Over the last few years, the city of Rio de Janeiro, in Brazil, has been heavily using the information and communication technology to bring the government closer to the citizens under the umbrella of its Smart City Plan. It has adopted solutions that are helping the city to become more inclusive and to provide better quality of life.
The basis for the development of the Smart City Plan for Rio de Janeiro was the expansion of the local government’s telecommunications network, which has intensified the presence of the government throughout the city, and a digital inclusion program, an important indicator that tracks the population’s access to new technologies particularly in disadvantage communities across the city.
The Smart City Plan consists of initiatives and projects that integrate the strategic planning of the local government and further strengthen the citizens’ relationship with the city and the government.
Among the smart services offered by the municipal government are the monitoring and operation of the city’s operations center (COR), which enhances integration between agencies and utilities, supporting the local government’s decision-making process.
A series of structural interventions in the transport and mobility area is in progress in Rio de Janeiro. They include, for example, the construction of exclusive transport corridors and the integration of various means of transportation with the launch of the Unified Ticket of Rio de Janeiro.
The technology projects that are in progress include the modernization of the infrastructure of the traffic equipment network such as traffic lights, variable message signs, cameras, and other sensors, in addition to the real-time monitoring of the bus fleet. This whole network is integrated into COR, which also receives information from urban mobility operations centers such as BRT, MetrôRio utilities, and Supervia Urban Trains.
Other initiatives are also being deployed, such as “Digital Traffic,” which monitors and reports in real time the path of the main routes.
Public spaces are monitored, and technology is used to maximize resources and reposition teams in events in the city. The municipal guards have radios, smartphones, and GPS in cars.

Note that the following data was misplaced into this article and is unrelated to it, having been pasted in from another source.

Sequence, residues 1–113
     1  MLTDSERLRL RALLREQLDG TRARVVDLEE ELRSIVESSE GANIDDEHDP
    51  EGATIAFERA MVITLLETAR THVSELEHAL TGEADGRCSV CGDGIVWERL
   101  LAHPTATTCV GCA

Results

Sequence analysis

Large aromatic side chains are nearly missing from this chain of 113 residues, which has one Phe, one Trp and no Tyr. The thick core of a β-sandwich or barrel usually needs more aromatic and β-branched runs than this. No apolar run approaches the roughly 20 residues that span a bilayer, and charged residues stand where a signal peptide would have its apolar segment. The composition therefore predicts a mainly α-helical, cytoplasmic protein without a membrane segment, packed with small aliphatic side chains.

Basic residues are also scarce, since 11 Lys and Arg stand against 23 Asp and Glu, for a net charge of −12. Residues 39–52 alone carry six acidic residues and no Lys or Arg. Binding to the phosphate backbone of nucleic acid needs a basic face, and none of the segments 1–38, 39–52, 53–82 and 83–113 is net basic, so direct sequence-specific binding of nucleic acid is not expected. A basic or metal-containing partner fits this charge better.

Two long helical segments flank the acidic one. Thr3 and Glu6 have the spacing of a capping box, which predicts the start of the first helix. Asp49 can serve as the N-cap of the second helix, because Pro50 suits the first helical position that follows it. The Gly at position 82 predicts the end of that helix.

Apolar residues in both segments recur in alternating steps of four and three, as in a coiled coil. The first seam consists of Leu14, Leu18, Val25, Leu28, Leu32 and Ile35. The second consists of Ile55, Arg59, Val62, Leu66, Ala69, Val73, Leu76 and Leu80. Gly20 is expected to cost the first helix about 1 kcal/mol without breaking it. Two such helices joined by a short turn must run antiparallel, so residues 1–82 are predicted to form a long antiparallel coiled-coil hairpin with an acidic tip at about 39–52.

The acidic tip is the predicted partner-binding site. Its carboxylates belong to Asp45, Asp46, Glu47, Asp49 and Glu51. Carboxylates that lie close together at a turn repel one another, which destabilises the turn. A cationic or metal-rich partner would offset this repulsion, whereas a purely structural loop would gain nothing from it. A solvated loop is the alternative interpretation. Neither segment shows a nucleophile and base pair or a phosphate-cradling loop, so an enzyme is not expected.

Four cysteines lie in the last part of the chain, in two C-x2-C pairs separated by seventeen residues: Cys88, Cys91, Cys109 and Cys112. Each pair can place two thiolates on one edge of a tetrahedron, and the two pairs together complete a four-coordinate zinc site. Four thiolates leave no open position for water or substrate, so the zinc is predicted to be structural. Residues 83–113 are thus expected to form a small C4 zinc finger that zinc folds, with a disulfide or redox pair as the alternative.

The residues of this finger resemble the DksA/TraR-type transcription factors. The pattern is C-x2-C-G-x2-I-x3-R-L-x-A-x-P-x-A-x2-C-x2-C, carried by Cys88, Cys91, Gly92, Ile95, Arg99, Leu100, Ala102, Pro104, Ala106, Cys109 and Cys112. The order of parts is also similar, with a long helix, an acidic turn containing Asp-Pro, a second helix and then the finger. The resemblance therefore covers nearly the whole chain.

The COR has a strong partnership with the CICC, bound to the Department of Public Security of the State of Rio de Janeiro. This partnership allows a job aligned with the emergency services of the Military Police, SAMU (ambulances), fire emergencies, and state civil defense.
The CICC and COR are composed of fiber channel and have a cooperation agreement for sharing data and information.
In recent years, the government of Rio de Janeiro has implemented a series of actions that contributed to the restoration and preservation of the environment. To improve air quality, the MonitorArRio Program, in charge of monitoring the city’s air quality, has been expanded. The program currently has eight fixed stations that analyze particles and gases. There is also a mobile unit, which verifies each part of the city over a period of three months.
Data on air quality from all regions is accessible from the website of the Municipal Department of the Environment and in daily newsletters published by COR. Based on this data, emergency situations can be identified and the population can be warned.
The local government has been working on initiatives on energy efficiency, with the challenge of identifying impact solutions for the city of Rio de Janeiro. The Program for Modernization of the Street Lighting Network, for example, includes geo-referenced mapping of the street lighting network of the city, cataloging points of light and equipment. The program also focuses on the development of a Master Plan for Street Lighting and the replacement of technology with LED and solar energy.
Source: Insights ALL